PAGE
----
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AUSTIN — Long periods of personal reflection tend to come after disappointing outcomes. For junior linebacker Malik Jefferson, this offseason was one of those times.
However, Jefferson did not have all the time in the world to reflect, as new head coach Tom Herman came to Texas with standing orders to return the Longhorns to prominence. In order to do that, he needed to have conversations with his junior linebacker to discuss how to turn Jefferson into a star linebacker.
“We had a pretty long conversations,” Jefferson said. “I enjoyed every second of it. I understood where he was coming from. He understood where I was coming from as well. Now, I’m executing and trying to make plays and become a better player.”
Following his discussion with Herman, which the head coach has said included Jefferson asking to be taken out of the spotlight to focus on football, Jefferson made major strides in strength and conditioning coach Yancy McKnight’s offseason program, not only physically but mentally.
“It was a great offseason,” Jefferson said. “Going in there every day in the morning, running, then coming back and lifting weights, especially on leg day was very challenging. He has completely changed the culture of these guys and completely changed me as well. I’m more versatile. I can move a lot better. I feel a lot better.”
Jefferson’s noticed a change, too. When asked what changed about his body the most, Jefferson quickly responded “legs,” and later noted he is now squatting more weight than his bench press.
The culture change, however, was a necessary growing pain in order to get the team away from previous unsuccessful coaching methodologies. Those growing pains have now created a team culture that most team members take the time to mention when available to the media.
“It’s been tough every year you say you’re excited,” Jefferson said. “You see the culture and everything’s changing. Every little thing is detailed. Guys understand that it’s so important that we emphasize that culture to everyone on the team.”
In Jefferson’s mind, the offseason changes have put the Longhorns in a good position entering this season to win more than five games.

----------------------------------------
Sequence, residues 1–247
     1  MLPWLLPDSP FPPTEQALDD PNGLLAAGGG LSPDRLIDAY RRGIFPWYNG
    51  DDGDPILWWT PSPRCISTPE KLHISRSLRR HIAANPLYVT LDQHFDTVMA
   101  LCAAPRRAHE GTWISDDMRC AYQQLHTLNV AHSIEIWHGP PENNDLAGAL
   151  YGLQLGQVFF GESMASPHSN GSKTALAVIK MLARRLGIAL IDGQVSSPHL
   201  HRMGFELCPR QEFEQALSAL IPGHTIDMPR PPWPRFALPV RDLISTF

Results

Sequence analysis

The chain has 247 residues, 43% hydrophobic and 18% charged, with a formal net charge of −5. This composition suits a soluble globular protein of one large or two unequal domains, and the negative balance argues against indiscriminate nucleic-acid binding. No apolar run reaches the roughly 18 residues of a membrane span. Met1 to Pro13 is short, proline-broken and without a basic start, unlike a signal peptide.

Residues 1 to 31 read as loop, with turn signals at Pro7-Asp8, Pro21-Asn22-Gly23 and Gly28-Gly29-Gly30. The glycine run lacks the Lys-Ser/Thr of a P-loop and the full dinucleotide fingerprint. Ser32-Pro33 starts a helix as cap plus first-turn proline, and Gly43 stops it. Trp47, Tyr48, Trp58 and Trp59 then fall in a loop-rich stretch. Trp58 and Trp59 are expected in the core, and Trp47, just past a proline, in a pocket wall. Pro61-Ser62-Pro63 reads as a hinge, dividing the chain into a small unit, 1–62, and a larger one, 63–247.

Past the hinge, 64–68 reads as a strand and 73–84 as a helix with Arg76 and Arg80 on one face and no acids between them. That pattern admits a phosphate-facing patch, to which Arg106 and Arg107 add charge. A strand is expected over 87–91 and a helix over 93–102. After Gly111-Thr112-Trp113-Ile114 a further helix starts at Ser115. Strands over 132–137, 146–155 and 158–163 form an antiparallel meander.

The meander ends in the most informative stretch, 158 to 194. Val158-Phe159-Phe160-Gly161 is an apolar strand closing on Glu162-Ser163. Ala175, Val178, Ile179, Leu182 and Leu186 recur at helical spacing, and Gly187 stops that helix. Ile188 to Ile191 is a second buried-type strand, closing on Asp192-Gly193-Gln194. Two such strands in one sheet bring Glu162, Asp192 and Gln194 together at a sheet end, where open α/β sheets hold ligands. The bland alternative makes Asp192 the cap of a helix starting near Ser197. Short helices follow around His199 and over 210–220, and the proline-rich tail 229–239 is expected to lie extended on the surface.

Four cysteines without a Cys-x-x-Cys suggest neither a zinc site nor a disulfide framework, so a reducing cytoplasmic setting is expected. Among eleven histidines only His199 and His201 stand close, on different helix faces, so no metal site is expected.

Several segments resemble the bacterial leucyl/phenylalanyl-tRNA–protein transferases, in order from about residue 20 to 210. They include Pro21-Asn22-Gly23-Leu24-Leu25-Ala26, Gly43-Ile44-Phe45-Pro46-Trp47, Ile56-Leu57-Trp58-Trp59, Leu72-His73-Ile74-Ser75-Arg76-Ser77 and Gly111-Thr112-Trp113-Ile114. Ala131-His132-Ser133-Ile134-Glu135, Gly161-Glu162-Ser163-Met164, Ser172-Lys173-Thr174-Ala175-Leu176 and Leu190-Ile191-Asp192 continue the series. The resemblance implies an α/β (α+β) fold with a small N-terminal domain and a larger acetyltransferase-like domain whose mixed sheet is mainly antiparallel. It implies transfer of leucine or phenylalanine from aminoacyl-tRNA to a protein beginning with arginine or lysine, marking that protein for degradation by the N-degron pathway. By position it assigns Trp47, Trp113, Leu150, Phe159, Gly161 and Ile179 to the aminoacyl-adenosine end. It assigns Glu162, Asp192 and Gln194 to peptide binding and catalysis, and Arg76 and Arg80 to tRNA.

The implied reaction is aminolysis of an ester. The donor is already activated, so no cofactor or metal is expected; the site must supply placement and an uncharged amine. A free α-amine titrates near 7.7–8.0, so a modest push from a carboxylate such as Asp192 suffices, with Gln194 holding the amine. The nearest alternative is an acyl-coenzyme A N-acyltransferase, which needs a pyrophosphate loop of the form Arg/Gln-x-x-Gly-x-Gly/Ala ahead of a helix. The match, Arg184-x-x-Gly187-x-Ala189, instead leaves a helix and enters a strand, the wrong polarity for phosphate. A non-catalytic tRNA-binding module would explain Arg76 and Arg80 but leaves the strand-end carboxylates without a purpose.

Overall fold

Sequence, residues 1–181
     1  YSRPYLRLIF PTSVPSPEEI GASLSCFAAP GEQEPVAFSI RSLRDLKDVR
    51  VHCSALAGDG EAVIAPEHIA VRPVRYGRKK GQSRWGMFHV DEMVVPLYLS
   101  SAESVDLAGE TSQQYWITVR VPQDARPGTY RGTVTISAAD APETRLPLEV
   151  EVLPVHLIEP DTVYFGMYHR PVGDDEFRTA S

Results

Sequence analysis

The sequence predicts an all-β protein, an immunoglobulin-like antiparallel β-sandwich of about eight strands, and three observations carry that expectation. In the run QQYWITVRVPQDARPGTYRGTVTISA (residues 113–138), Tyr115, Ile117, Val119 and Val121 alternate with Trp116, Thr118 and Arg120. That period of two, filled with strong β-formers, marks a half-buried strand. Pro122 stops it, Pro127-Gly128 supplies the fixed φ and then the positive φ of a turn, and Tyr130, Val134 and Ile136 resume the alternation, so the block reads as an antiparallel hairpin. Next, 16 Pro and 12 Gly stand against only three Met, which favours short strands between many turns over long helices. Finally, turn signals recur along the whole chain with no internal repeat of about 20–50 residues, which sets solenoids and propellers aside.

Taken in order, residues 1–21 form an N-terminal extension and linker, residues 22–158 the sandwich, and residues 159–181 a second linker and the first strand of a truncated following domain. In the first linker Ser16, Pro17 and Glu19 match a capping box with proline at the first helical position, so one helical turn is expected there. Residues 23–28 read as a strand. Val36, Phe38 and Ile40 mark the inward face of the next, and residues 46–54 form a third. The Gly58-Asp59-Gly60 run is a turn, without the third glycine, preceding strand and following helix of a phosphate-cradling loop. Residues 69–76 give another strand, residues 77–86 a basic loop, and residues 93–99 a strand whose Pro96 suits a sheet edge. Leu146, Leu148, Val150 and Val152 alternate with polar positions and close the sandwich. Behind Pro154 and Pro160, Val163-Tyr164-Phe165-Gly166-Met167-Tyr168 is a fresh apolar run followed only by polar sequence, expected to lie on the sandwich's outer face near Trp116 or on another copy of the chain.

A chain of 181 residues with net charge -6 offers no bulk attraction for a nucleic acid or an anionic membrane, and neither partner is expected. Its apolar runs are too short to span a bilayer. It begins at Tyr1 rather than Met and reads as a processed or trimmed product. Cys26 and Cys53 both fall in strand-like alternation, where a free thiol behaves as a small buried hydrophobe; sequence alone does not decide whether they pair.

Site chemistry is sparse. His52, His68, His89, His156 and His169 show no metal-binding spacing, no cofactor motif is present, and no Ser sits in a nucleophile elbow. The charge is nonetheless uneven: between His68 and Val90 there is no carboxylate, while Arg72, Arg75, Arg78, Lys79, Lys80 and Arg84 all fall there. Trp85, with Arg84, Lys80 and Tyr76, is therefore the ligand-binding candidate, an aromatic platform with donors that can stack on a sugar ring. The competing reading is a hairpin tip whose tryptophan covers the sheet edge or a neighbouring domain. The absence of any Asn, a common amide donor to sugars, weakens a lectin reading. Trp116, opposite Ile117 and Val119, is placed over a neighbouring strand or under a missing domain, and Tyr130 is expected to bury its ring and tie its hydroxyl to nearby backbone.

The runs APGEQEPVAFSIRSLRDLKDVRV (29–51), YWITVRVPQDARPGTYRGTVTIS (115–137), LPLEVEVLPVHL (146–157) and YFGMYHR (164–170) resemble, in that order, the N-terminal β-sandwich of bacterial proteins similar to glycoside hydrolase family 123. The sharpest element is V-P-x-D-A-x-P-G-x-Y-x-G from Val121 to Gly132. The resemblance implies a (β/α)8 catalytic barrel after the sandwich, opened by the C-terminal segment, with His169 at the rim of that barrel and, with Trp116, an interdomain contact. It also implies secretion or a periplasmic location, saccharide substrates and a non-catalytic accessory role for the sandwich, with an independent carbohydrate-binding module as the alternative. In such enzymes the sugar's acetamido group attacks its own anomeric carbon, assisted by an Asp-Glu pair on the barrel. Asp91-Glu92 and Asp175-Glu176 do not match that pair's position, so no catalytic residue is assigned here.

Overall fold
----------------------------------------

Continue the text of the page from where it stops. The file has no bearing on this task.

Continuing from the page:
“We’re more attentive, more focused, and we’re brothers actually,” Jefferson said. “The play will show up on the field on Saturdays, and I’m very excited to see that, but this is the part where teams are built.”
In his role as a team leader, Jefferson is charged with leading other members of the linebacker corps to successful seasons. These players include fellow juniors Gary Johnson, Edwin Freeman, Breckyn Hager and Anthony Wheeler.
Not only is Jefferson trying to lead his position mates, but the competition is also helping them get to where they want to be.
“We’re just trying to push each other every day, on and off the field, making sure that in the film room we’re all paying attention, that guys are attentive, and when we go out there on the field we play physical and fast and run to the ball,” Jefferson said. “We’re older, so we know the game. We’re more instinctive, so now a lot of it is just going out there and playing hard.”
Though focused on team matters, Jefferson was asked about being on watchlists for several postseason awards, including the Butkus and Nagurski. The praise is flattering, but Jefferson’s mind is on playing at an award winning level, not an award watchlist level.
“I feel like I can,” Jefferson said on if his play could win awards. “That’s one thing that kind of irritates me. I look at all that stuff, and I know that they’re watchlists and stuff, moving forward I want to be able to show that I am those type of players and moving forward it’s something I definitely want to do.”